Brian Kingsbury, an employee at Tiny Homes of Maine, works on a custom-designed tiny home at the company's manufacturing area, located at Houlton International Airport in Houlton. Credit: Alexander MacDougall | BDN

HOULTON, Maine — While many businesses have seen a slump in sales or even outright closures since the beginning of the COVID-19 pandemic, Corinne Watson has experienced growth in hers.

Tiny Homes of Maine, which manufactures small trailer houses known as “tiny homes,” has seen an increase in sales during the coronavirus outbreak. People are seeking them for different reasons. One customer recently wanted a home to run a massage parlor in, since she no longer felt comfortable having her business in her residence. Others are looking to downsize their houses because of increased job insecurity and worries about paying mortgages.

“They don’t know if they will have a job, and if you can sell your home and can have cash left over, you have no bills to pay,” said Watson. “Since the pandemic, it’s also been more 50-50 in terms of people wanting residential vs. commercial properties.”

Watson and her husband Tom started the business in 2016 in Windham, but difficulty with labor shortages led them to move their manufacturing facility to a hangar at Houlton International Airport in 2018.

With the pandemic beginning to affect southern Maine in March 2020, Watson and her family, who had been managing the business remotely, decided to move to Houlton too.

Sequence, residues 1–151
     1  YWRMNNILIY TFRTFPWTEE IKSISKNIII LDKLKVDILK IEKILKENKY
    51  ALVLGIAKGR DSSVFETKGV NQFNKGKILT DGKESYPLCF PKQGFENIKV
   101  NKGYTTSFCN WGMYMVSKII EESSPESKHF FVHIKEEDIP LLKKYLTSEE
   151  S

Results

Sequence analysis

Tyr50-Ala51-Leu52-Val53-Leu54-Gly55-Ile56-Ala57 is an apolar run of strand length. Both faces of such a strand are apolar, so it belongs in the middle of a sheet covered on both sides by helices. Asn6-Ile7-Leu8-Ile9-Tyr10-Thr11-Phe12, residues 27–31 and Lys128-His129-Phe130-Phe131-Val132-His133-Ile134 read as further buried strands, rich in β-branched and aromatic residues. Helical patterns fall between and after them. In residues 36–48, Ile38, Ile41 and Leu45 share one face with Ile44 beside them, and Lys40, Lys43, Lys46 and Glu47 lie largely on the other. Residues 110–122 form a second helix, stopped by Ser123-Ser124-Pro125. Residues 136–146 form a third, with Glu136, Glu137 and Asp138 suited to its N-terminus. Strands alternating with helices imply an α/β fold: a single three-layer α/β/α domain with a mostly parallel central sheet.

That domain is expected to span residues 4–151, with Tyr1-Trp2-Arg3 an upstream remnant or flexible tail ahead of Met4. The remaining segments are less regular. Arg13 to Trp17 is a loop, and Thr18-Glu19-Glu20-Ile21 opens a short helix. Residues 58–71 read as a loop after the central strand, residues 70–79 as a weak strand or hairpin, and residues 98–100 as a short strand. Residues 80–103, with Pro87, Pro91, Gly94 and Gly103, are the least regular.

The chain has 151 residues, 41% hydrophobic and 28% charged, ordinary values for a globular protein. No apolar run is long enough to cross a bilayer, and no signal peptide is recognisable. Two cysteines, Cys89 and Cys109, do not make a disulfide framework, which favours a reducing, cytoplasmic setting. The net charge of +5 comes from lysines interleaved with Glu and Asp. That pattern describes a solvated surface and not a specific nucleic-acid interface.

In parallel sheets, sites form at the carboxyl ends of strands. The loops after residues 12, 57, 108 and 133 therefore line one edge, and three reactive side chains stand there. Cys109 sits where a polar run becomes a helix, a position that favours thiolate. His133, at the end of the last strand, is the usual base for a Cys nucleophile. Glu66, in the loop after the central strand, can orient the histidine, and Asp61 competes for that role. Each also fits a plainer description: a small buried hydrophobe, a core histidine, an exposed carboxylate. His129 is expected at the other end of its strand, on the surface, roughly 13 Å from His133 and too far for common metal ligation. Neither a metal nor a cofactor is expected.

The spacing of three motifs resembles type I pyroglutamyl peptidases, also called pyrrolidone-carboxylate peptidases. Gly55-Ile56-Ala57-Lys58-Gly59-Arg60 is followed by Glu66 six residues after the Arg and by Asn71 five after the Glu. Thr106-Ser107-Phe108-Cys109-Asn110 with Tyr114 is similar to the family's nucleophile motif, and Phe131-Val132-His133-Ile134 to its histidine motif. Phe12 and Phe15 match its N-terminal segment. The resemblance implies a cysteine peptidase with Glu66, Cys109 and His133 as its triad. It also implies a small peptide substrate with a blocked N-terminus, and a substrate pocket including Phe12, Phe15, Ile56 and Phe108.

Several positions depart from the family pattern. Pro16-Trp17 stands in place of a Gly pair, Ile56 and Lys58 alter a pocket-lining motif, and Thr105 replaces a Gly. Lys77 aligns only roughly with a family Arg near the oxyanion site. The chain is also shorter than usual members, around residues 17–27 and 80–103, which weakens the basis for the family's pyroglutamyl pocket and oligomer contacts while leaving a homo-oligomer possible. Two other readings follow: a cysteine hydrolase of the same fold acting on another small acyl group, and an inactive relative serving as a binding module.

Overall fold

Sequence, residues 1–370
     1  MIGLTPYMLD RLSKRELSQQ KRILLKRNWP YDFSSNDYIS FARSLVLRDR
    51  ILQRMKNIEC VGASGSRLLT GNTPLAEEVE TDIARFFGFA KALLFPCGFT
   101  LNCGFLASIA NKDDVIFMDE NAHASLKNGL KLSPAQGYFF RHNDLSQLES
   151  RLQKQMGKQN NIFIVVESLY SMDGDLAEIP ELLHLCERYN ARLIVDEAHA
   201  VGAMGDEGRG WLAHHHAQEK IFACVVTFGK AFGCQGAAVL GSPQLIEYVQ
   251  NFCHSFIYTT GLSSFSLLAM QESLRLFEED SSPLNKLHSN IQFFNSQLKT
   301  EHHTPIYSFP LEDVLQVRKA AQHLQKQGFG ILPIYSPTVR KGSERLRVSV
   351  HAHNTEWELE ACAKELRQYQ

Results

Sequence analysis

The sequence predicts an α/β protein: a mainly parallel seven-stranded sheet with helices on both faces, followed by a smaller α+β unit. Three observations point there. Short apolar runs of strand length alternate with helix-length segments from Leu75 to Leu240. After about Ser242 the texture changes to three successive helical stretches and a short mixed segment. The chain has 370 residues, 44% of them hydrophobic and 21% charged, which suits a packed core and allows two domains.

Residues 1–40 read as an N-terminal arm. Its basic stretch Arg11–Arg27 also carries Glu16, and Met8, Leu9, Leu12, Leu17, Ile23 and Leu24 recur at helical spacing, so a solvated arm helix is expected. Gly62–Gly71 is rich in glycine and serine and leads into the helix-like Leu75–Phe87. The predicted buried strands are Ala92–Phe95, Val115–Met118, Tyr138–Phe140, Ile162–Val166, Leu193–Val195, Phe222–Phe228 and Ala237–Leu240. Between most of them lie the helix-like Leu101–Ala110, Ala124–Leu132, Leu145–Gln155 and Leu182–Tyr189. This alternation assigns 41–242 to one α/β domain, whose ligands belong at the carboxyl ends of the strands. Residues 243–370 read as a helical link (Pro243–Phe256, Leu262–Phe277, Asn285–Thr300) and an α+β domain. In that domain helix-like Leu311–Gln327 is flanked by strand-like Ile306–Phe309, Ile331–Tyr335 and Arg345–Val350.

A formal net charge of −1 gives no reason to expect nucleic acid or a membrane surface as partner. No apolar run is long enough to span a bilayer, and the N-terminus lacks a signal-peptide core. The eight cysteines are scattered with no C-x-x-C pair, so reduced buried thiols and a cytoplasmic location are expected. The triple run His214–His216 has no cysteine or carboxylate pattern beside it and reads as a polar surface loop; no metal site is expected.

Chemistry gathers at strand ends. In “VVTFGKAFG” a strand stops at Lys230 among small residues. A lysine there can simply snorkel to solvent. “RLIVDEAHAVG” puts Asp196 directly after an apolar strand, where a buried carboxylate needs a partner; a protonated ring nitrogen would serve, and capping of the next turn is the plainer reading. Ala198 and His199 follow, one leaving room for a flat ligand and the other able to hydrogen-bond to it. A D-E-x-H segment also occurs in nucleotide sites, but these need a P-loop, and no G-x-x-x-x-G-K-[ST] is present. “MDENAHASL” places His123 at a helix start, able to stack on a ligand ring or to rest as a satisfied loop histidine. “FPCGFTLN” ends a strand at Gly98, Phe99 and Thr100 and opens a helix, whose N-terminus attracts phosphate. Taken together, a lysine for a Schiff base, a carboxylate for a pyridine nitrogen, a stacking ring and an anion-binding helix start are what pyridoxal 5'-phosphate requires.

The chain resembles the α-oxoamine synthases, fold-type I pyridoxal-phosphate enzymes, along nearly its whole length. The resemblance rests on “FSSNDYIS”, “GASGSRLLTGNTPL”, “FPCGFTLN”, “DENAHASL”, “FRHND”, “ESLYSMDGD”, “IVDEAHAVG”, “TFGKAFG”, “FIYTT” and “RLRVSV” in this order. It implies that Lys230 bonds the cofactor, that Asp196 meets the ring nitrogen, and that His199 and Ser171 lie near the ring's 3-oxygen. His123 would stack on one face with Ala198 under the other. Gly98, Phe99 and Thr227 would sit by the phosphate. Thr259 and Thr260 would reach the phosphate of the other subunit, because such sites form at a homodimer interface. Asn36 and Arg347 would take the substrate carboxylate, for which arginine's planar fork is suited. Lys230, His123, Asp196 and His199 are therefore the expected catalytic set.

“We came up here for a weekend in March, and suddenly the kids’ school was getting canceled,” said Watson. “We decided that we might as well just sell our home and work from up here.”

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“People need to remind themselves why they want to live in a tiny house. You kind of have to take an active role in living tiny [and] determine your priorities in life.”

Just prior to the pandemic, Watson had been experiencing some difficulties with issuing titles for her homes through the Bureau of Motor Vehicles, as Maine had no legal definition of a tiny home and would no longer recognize them as camp trailers.

With some help from Houlton’s State Sen. Mike Carpenter, Watson got a bill passed and signed into law recognizing tiny homes, just as bills related to COVID-19 were beginning to take priority in the Maine Legislature.

“I was actually up at night watching it on my phone, and it just barely passed,” Watson recalled. “If that hadn’t passed, I don’t know what would have happened.”

Tiny Homes has also seen an expansion of its customer base into all of New England and beyond. One customer in California ordered one. Another wealthy couple flew in at Houlton Airport from New York on their private plane to inquire about purchasing one.

“I’ve had people ask me ‘but don’t they have tiny homes out there?’ They do, but it’s not a Maine tiny home,” said Watson. “We’ve really built up our brand.”